I just acquired the 1976 Minolta AutoPak 110mm film camera and I am loving the simplicity. Add one AA battery for exposure and flash, then load my Lomography Metropolis 110 film and I am off to capture 36 exposures in all it’s retro glory.

Lightweight, fits in my pocket and I love the minimal design.

Zen and the Art of Photography Pt 2

After my previous post I have thought of even more active practices to apply a mindset for more purposeful photography.

Thirty-Six Exposures

36 exposures waiting for something beautiful

When shooting digital images in the past, I would try to capture anything and everything with little to show for it. Using a 35mm film camera, you have only 36 exposure of film in one roll so every shot has to count. Digital is cheaper than analog so I can snap all I want, but with film, you have to be more intentional, more deliberate. Setting a limitation of only 36 images with my digital camera is a good thing. I can relax, focus on the present and focus on those images I want.

One Camera, One Lens
In the past, I would walk out with a camera and multiple lenses because “You never know when you’ll need it.” How many of those lenses were used- only the one. How liberating and relaxing is it not to think about that extra weight carried in the camera bag? Again, setting out with limitations creates intentionality.

Simply The Workflow
Shooting in jpeg as opposed to RAW format produces smaller images and faster transfer times to speed up the process. Removing Adobe Lightroom from the workflow allows me to work faster. Apple Photos app has improved to a degree where no other software is needed. However, if I want to process images even more, I have Pixelmator. Both are tied into the Apple photo ecosystem and allows you to focus more on what I want to do, such as make more images.

Delete Social Media
Followers, Likes and heart emojis do not ascertain your photograph’s worth. They do not reflect on what the image means to you. I publish photos without expectations or delusions of grandeur on my own websites because it makes me happy. With your own website you control the aesthetics, no algorithm, no tracking and no advertising. This is Zen.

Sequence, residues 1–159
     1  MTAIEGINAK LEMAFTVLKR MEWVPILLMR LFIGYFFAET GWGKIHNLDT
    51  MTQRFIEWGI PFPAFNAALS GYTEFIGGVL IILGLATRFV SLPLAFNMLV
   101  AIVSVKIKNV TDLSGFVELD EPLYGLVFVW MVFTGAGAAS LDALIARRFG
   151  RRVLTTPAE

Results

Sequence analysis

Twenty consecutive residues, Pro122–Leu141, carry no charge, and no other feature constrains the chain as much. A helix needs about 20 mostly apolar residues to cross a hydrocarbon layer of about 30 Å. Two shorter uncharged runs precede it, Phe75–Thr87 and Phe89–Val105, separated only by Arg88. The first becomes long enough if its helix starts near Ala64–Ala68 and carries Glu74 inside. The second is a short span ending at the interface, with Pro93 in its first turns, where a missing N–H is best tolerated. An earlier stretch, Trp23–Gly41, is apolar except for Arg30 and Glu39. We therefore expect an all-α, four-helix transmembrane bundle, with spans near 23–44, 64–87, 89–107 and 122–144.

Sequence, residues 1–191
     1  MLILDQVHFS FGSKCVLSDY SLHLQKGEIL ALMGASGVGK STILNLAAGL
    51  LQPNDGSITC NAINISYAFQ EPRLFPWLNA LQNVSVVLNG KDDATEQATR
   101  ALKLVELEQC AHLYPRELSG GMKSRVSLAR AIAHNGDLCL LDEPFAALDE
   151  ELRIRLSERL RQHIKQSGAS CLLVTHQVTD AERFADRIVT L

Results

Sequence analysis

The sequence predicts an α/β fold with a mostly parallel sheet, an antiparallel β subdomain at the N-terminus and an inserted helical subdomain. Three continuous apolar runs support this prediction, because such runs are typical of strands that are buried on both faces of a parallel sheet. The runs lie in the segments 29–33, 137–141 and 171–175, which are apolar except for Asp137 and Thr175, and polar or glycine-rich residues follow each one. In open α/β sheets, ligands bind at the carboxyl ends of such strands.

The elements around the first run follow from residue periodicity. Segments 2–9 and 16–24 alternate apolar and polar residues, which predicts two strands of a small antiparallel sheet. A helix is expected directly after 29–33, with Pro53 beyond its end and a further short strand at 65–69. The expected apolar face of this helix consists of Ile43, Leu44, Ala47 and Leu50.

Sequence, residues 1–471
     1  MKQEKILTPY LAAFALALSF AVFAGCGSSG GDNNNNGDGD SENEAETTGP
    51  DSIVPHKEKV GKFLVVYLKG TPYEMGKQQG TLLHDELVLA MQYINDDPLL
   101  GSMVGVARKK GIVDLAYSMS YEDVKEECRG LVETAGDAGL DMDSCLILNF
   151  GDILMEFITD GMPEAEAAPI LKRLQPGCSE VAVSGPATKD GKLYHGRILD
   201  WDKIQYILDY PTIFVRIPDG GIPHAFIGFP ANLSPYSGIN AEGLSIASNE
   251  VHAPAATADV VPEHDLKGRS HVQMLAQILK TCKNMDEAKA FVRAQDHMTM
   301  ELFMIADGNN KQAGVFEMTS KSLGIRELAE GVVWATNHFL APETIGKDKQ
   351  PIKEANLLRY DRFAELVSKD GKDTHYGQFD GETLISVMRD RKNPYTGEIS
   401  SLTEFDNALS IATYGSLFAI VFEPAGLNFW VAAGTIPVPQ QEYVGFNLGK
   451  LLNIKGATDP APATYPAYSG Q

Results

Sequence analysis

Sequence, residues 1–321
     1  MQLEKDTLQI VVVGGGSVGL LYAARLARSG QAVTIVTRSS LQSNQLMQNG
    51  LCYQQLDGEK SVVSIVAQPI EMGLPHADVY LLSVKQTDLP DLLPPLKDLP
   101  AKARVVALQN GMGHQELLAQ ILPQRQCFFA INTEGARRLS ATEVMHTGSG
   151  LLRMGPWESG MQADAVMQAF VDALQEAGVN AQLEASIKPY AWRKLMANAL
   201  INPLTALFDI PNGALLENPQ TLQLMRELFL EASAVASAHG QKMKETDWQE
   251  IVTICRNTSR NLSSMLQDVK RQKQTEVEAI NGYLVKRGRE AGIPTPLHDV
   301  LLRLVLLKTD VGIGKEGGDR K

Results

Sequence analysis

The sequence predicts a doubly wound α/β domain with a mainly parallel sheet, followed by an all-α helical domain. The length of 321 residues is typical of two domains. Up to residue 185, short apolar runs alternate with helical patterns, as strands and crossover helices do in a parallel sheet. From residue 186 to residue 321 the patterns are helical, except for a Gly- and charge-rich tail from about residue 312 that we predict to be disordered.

Also, publish your work digitally, in the form of an e-book or portfolio. It is a better way to distribute to your website followers and loved ones in a .pdf format than print is. This is the way.

Less Gear, More Comfort
Instead of investing in that shiny new camera or lens, put your money into yourself such as a good pair of shoes. When I plan for a photo walk or hike, I want to enjoy the experience, in the moment without discomfort. If possible, donate your unused gear to someone just starting out. New photography from other budding artists is always a good thing.

Airplane Mode
The desire to check your notifications, read email or catch up on the latest news in your feed distracts focusing on the here and now. Your image quality will be affected. Be present in the moment.

Seeing your image materialize on photographic paper in a darkroom is one of the most amazing experiences you can have in photography. Likewise the experience when reviewing on your digital device. Apple Photos displays images much like an analog contact sheet. On an iPad it is glorious to swipe through, favorite, delete, edit and save. Looking at each image with intentionality is a rewarding experience after all your time and effort.

Reconnect with yourself in the outdoors while shooting. Focus on your breathing while focusing on your image, then snap. Create opportunities to get out and enjoy your surroundings, there is beauty in everything now go find it.

More Practices To Be Discovered
That’s it for now, but until next time- This is photographic zen. This is the way.

Zen and the Art of Photography

After studying but putting forth little effort into the zen philosophy last year, I think I will attempt it again this year. But what if I can apply those principles into something I enjoy such as photography? I can create a hybrid of the two and enjoy both even further.